NOT GOOD ENOUGH

Zuckerberg says the internet lifts people out of poverty, but is giving them subpar access

Obsession
The Next Billion
Obsession
The Next Billion

Facebook now boasts 1 billion people who visit the social network everyday and 1.5 billion who do so every month. But, having become so large, the question is where any substantial user growth will come from in the future. The answer appears to be Internet.org—Facebook’s initiative to bring internet access to people in developing countries.

There’s the obvious business motive behind Internet.org, but there’s little question that Facebook CEO Mark Zuckerberg believes in the internet’s ability to usher in social and economic changes. But, for all its lofty aspirations, Internet.org has by all accounts been providing a subpar and walled-off online experience, which does a disservice to the very people it purports to help. To deliver on its promise of economic mobility, that needs to change.

With new-user traction slowing in North America and Europe, Zuckerberg has set his sights on Asia as well as Africa, the Middle East, and Latin America (the latter of which Facebook collectively buckets under “Rest of world”).

Reporting the social network’s earnings on Nov. 4, Zuckerberg singled out India—where about 1 billion people currently don’t have internet access—as the country “that benefits the most from connectivity.” He went on to highlight the progress Internet.org is making there. “There are already more than 1 million people [in India] who now have access to the internet who didn’t otherwise because of our efforts,” he touted to investors in a call.

To illustrate what that number means, he pointed to research from Deloitte, noting that “one person gets lifted out of poverty and one new job gets created” for every 10 people who come online. By that measure, Facebook’s played a role in helping at least 100,000 Indians climb out of poverty and creating that many jobs. “If you don’t have access to a good school, then getting basic internet access can be your best educational information,” he continued.

This, of course, implies that poor children are able to overcome the bleak lives they were born into thanks to the internet, even an internet that doesn’t function particularly well. But as Mahesh Murthy, an Indian investor and entrepreneur, points out in a piece for Quartz: “if Zuckerberg—himself a child prodigy—ever was brought up on internet.org, he couldn’t have ever built a Facebook.”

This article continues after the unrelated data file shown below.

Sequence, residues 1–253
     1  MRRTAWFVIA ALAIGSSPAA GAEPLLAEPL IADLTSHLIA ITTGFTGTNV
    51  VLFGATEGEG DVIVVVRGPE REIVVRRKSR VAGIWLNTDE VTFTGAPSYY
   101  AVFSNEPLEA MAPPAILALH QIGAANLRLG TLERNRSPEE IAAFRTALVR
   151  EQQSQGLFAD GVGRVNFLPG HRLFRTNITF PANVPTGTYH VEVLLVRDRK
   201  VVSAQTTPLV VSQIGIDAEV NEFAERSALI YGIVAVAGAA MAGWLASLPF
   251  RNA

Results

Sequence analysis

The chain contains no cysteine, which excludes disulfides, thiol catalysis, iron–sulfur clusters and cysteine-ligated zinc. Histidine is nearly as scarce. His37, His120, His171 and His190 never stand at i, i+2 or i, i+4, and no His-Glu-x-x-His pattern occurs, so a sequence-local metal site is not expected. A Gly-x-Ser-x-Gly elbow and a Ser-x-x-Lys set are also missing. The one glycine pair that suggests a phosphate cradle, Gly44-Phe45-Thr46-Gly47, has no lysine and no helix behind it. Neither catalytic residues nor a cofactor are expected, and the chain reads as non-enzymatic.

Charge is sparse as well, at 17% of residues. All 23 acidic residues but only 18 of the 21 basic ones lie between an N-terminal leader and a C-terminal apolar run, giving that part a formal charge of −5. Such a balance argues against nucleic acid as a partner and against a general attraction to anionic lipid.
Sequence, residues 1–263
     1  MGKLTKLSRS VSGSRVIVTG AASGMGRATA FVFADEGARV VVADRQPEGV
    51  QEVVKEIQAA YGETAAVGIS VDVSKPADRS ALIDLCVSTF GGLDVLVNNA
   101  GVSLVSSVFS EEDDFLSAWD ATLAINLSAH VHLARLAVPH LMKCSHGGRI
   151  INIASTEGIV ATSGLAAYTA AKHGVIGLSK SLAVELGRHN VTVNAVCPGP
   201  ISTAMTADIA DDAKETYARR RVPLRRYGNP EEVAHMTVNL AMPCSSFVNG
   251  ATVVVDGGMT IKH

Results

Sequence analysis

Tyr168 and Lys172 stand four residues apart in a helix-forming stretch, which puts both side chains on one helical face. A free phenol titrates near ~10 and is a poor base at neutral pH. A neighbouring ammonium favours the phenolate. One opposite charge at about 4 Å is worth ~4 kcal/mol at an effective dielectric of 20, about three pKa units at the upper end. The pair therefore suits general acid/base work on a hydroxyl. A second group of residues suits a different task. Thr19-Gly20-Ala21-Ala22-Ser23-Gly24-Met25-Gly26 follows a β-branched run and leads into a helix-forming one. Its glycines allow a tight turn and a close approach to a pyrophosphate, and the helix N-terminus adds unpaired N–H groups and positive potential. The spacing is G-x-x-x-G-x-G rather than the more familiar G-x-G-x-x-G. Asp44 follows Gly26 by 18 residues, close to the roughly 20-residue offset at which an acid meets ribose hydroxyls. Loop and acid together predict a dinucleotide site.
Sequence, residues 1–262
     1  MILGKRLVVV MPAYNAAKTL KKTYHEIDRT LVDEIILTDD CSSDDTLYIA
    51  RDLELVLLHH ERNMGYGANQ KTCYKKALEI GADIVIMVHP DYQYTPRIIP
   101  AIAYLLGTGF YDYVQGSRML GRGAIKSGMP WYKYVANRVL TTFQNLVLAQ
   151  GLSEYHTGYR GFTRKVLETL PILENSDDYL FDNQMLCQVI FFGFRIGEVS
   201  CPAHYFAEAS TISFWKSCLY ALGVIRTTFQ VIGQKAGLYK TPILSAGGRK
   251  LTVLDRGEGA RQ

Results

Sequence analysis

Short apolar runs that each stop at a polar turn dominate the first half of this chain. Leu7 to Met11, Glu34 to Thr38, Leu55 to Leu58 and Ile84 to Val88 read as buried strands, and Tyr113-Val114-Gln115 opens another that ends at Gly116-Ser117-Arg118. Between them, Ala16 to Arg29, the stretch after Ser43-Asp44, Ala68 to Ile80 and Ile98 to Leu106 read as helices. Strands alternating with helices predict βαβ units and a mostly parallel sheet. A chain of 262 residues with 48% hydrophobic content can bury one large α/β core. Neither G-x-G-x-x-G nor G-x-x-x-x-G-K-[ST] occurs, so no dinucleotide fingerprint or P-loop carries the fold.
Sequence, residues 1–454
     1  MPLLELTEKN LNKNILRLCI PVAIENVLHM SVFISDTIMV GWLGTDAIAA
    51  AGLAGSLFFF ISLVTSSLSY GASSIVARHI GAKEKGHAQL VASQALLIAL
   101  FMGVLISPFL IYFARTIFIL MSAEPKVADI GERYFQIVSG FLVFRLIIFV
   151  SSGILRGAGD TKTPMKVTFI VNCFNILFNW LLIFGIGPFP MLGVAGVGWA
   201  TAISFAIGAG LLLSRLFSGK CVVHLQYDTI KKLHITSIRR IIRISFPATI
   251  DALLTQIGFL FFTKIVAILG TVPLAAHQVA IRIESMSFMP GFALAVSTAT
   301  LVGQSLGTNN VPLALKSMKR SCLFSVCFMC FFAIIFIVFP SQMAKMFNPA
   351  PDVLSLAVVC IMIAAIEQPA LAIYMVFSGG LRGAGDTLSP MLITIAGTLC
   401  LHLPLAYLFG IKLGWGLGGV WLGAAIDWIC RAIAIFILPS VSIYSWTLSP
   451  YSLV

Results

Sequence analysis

Reaching the next billion people coming online is why Facebook is so heavily invested in deploying internet-beaming drones, lasers, and satellites, and why it’s partnered with local telco providers in 29 countries to offer free access to parts of the internet. The decision is at least partly driven by profits, with Facebook developing ad formats for slower connections. Just last week, it showed off a new ad product called Slideshow, a carousel of images, to make up for the fact that video—the most engaging and expensive online ad format—doesn’t render well over 2G, the wireless speed most prevalent in the developing word.

In India, the company has partnered with the carrier Reliance to offer free access to Facebook (excluding photos) and a select number of sites. This model essentially makes Facebook a gatekeeper to the internet for people in developing countries, many of whom are likely coming online for the first time. So-called “zero-rating” services have been criticized for violating net neutrality—principles that prohibit internet service providers from favoring, slowing, or restricting access to particular sites—and for threatening free speech and innovation. In India, the service has also been slow, spotty, and unreliable, contrary to the provider’s name. Given these limitations, it’s hard to see how Internet.org could help 100,000 people in the country climb the economic ladder.

There’s a reason why Internet.org is often called “poor internet for poor people.” Instead of upward mobility, the service is more likely doing its part to confine the world’s poorest and least educated people—many of whom have come to believe that Facebook is the internet—to its walled garden. As Naveen Patnaik, chief minister of the Indian state Odisha, said: “If you dictate what the poor should get, you take away their rights to choose what they think is best for them.”

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